Pharmacokinetics: Omeprazole are enteric-coated to protect them from premature activation by gastric acid. After absorption in the duodenum, they are transported to the acid parietal cell canaliculus, where they are converted to active species. Metabolites of these agents are excreted in urine and feces.
Treatment of duodenal and gastric ulcer. Also used for Helicobacter pylori eradication in peptic ulcer disease, reflux esophagitis and Zollinger-Ellison syndrome. Patients considered to be at risk of aspiration of gastric contents during general anesthesia/acid aspiration prophylaxis.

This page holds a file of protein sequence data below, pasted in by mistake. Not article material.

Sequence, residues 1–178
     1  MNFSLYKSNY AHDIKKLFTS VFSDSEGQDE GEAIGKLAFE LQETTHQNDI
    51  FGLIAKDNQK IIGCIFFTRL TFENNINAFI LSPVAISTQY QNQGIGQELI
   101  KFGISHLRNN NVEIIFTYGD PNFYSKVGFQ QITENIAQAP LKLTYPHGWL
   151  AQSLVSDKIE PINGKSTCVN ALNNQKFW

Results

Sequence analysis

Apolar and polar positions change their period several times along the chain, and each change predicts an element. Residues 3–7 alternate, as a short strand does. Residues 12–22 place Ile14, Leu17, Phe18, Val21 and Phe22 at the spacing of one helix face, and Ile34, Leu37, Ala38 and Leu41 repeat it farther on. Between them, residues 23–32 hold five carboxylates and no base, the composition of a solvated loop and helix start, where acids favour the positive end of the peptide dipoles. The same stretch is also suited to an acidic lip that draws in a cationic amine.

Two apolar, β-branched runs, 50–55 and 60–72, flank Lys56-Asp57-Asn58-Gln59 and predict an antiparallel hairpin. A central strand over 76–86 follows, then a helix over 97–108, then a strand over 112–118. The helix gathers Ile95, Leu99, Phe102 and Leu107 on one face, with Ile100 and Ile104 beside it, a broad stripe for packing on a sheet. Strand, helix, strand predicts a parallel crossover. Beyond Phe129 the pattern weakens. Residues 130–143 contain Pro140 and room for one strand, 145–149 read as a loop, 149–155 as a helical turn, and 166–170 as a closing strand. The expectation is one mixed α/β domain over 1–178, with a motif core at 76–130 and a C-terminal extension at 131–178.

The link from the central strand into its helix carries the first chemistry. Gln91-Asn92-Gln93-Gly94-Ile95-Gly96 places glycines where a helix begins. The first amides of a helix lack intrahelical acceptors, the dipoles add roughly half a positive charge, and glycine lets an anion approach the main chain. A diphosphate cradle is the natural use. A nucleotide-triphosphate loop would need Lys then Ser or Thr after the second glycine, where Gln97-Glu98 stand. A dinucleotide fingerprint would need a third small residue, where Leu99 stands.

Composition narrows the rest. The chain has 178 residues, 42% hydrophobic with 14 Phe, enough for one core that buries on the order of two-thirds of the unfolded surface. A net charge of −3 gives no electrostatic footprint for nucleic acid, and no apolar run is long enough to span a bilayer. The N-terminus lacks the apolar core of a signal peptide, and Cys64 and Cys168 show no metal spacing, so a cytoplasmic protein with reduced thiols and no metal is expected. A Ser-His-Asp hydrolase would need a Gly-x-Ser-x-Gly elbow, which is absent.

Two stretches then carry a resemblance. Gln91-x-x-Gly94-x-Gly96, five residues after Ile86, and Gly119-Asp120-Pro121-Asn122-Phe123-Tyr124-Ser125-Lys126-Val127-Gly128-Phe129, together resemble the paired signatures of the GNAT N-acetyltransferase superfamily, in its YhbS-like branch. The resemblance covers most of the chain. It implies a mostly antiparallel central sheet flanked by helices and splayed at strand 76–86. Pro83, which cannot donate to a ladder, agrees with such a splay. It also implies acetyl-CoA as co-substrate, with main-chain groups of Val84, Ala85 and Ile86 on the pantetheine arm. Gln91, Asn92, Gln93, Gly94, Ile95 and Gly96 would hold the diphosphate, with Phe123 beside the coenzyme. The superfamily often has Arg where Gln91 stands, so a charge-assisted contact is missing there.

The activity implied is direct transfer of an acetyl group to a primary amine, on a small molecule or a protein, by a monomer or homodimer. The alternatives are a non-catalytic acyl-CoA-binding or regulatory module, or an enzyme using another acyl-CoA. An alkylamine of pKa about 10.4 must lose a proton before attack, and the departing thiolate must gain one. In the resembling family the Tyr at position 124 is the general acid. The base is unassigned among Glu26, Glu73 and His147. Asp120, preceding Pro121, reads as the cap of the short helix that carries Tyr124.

Reflux Esophagitis: Usual Dose: 20-40 mg once daily.
Maintenace Dose: Therapy can be continued with 20 mg once daily.
Zollinger-Ellison Syndrome: Initial Recommended Dose: 60 mg once daily, but doses of 20-120 mg daily may be used.
Before giving omeprazole to patients with gastric ulcers, the possibility of malignancy should be excluded since omeprazole may mask symptoms and delay diagnosis.
Omeprazole are generally well tolerated. The adverse effects reported frequently with omeprazole have been diarrhea, constipation, skin rashes, nausea and headache.
Omeprazole interferes in the oxidation of warfarin, phenytoin, diazepam and cyclosporine.
Store at temperatures not exceeding 30°C.
A02BC01 - omeprazole ; Belongs to the class of proton pump inhibitors. Used in the treatment of peptic ulcer and gastro-oesophageal reflux disease (GERD).